There are many variables to consider when deciding how to rank a fighter. Wins and losses make for easy ways to determine how a fighter should be ranked in their division, but what about the margin of victory and ranking of the opponent? Different combat sports organizations have differing means of ranking opponents and determining which fighter deserves to be in line for a title shot. While the UFC currently utilizes a matchmaker to create fight cards, can the promotion improve with point-based rankings for matchmaking?
According to UFC rankings:
“Rankings were generated by a voting panel made up of media members. The media members were asked to vote for who they feel are the top fighters in the UFC by weight-class and pound-for-pound. A fighter is only eligible to be voted on if they are in active status in the UFC. A fighter can appear in more than one weight division at a time. The champion and interim champion are considered to be in the top positions of their respective divisions and therefore are not eligible for voting by weight-class. However, the champions can be voted on for the pound-for-pound rankings…”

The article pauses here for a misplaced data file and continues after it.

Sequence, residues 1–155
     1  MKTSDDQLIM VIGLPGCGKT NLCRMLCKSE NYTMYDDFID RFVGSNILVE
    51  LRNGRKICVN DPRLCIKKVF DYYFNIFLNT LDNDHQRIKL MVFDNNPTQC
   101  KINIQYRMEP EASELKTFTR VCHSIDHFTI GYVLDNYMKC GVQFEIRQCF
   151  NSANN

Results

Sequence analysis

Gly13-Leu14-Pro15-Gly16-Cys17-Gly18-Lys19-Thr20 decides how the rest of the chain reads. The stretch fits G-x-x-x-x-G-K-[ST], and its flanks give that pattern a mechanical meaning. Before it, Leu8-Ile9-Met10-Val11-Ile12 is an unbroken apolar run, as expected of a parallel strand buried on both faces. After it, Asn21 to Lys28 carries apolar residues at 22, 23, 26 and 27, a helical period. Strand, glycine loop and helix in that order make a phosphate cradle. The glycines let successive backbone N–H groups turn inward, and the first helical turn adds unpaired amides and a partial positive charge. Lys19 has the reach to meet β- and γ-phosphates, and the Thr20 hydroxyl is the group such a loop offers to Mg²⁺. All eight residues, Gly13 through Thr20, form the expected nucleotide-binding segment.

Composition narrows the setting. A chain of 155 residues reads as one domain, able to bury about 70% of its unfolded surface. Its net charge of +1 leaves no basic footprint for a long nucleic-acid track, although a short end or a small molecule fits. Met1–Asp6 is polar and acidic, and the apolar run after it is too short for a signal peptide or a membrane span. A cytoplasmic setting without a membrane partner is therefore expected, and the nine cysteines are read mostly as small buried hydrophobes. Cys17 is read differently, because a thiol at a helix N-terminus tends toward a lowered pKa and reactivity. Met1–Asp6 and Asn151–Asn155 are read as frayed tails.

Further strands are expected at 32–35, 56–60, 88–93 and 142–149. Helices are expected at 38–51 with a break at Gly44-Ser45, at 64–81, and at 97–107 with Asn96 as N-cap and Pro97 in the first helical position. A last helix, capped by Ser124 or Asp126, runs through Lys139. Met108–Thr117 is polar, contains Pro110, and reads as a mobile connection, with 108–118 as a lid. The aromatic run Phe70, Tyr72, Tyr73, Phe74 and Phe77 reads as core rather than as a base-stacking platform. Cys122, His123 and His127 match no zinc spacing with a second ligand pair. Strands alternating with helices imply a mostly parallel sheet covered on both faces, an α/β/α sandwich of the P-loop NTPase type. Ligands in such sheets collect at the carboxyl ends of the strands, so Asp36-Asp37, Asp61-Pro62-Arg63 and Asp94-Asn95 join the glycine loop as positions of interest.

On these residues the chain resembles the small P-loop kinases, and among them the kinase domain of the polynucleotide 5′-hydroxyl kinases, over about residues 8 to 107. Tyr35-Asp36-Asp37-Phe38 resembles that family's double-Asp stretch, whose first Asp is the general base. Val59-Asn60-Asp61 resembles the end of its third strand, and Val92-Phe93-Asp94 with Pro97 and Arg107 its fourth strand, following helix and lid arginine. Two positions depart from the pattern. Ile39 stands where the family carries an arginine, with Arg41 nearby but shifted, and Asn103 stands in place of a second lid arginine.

No, keep match-made fights.
On one hand, members of the media that closely monitor fighters’ progress and performance seem qualified to vote for determining rank. One important note is that rankings for fighters in their weight class are not contingent upon their ability to contend for a title. Most recently, #4 heavyweight Mark Hunt was chosen as an interim title competitor. Nick Diaz was matched against middleweight Anderson Silva despite being an unranked, inactive fighter in the UFC. Because rankings do not determine which fighter has earned a shot at the title, the UFC is able to make matches that they believe make for the best entertainment.
Yes, create point-based matchups.
Without a hard and fast rating system, it’s somewhat arbitrary why fighters are ranked in the first place. Determining a point value based on wins, losses, and the manner in which they took place (KO, submission, decision etc.) seems like a more merit-based way to create matchups. While it may not allow for the creation of the same high demand fights, determining cards by point-based ranking seems significantly more fair to a fighter’s efforts and accomplishments.
Would a points-based ranking system improve the quality of UFC fights? What other ways could merit-based matches be determined?